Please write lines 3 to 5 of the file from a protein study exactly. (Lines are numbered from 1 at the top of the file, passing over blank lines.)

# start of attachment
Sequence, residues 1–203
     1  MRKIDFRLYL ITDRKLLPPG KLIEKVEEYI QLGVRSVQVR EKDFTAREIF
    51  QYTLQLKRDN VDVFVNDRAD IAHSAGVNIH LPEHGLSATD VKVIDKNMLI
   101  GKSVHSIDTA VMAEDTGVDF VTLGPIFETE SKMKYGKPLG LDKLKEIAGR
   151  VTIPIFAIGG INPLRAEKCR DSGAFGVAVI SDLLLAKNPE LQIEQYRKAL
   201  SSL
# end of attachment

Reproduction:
    51  QYTLQLKRDN VDVFVNDRAD IAHSAGVNIH LPEHGLSATD VKVIDKNMLI
   101  GKSVHSIDTA VMAEDTGVDF VTLGPIFETE SKMKYGKPLG LDKLKEIAGR
   151  VTIPIFAIGG INPLRAEKCR DSGAFGVAVI SDLLLAKNPE LQIEQYRKAL